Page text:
But perhaps more importantly, I don’t think the pro users will ever be able to accept "just" 16GB of memory. Remember the outrage from 2016 when users found out the 15-inch MacBook Pro was limited to a maximum of 16GB of memory? It doesn’t matter how well memory is managed or how good M1 is, memory is the lifeblood of pro users (perhaps even more so than outright CPU & GPU performance), and these users will also demand more and will happily pay for it.
At any rate, I think this will be addressed in future Macs. Remember, Apple said that a full transition to its silicon will take up to two years.
If you examine the specs closely, you’ll notice the base model MacBook Air has an M1 chip that has one GPU core less than the step-up model.
Apple won’t say, but it’s likely because of chip binning. If performance is anything like the new iPad Pro – whose A12Z Bionic has exactly one GPU core more than the A12X Bionic – then this could be the more value-for-money option. If performance is already so good, what’s one core less? Get it, add more storage, and away you go.
Ok, I’m overstating things a little because there’s also the slightly larger chassis and batteries. But it used to be that the MacBook Air was powered by low-power versions of Intel’s mobile processors while the MacBook Pro had more powerful versions. Now, the two notebooks feature the same processor and the only thing that is making the MacBook Pro perform better is its active cooling system aka fan.
One key limitation of Rosetta 2 is that it will not be able to run virtualisation apps for x86 platforms. To this end, Parallels, whose Parallels Desktop app is arguably the most popular virtualisation software on Mac, said that it is working on a new version of its software that will run on Apple’s new M1 Macs. However, the company stopped short at confirming that its app will allow M1 Macs to run Windows in a virtual environment.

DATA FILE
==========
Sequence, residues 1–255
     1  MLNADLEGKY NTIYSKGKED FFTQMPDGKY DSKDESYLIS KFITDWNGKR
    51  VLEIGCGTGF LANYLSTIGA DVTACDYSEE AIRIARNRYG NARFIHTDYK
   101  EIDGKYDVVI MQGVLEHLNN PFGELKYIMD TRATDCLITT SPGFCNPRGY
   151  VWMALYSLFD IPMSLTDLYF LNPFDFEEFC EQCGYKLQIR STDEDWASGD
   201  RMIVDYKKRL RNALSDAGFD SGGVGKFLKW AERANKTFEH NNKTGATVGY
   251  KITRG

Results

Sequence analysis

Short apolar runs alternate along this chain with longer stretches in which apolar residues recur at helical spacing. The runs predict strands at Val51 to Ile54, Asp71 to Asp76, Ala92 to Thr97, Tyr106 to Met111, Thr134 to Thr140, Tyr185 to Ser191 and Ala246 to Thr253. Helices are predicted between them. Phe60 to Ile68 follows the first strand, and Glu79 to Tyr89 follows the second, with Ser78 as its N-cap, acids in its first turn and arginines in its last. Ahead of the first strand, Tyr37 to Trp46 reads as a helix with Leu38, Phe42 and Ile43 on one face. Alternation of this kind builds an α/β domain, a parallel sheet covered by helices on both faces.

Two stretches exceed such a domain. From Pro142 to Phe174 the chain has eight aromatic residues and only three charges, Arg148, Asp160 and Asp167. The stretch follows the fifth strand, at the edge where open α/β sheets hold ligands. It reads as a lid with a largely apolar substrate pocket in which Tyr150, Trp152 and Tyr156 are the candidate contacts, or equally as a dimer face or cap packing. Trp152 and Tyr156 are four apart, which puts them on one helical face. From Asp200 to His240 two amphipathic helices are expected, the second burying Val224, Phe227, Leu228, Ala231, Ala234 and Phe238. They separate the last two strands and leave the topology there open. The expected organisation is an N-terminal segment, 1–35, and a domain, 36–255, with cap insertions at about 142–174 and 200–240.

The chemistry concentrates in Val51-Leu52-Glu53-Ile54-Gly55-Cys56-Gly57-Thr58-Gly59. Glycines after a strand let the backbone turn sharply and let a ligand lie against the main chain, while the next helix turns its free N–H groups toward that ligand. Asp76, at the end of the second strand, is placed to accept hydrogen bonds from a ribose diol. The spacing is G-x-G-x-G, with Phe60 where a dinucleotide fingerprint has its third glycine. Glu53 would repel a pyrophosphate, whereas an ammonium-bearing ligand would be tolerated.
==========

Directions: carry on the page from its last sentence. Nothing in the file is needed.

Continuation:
Finally, Boot Camp will still be available on macOS Big Sur, but only Intel-based Macs will be able to use it to dual boot to Windows.
First of all, can we applaud Apple on rolling out these new devices so quickly? The new M1-powered Macs are available to order now and will be available in retail next week.
It’s early days yet and without a unit in hand, a lot of things are up in the air. But I think it’s safe to say that if your usage primarily centres around Apple’s apps and web apps, then upgrading now and being an early adopter shouldn’t be an issue. Apple has already said that all of its apps have been designed to run on M1.
To Apple’s credit, they have tried to assuage users that most apps will run without a hitch even if they have not been entirely optimised for M1 via its Rosetta 2 emulation software. They even said that some apps will run better on M1 via Rosetta 2 than on Intel systems. Your excitement is understandable, but if you are like me and use a mishmash of Apple’s apps and third-party apps, I think the sensible thing to do is to wait and check out the reviews and experiences shared by reviewers and early adopters.
Specifications are not everything. It's what you do with what you have that matters.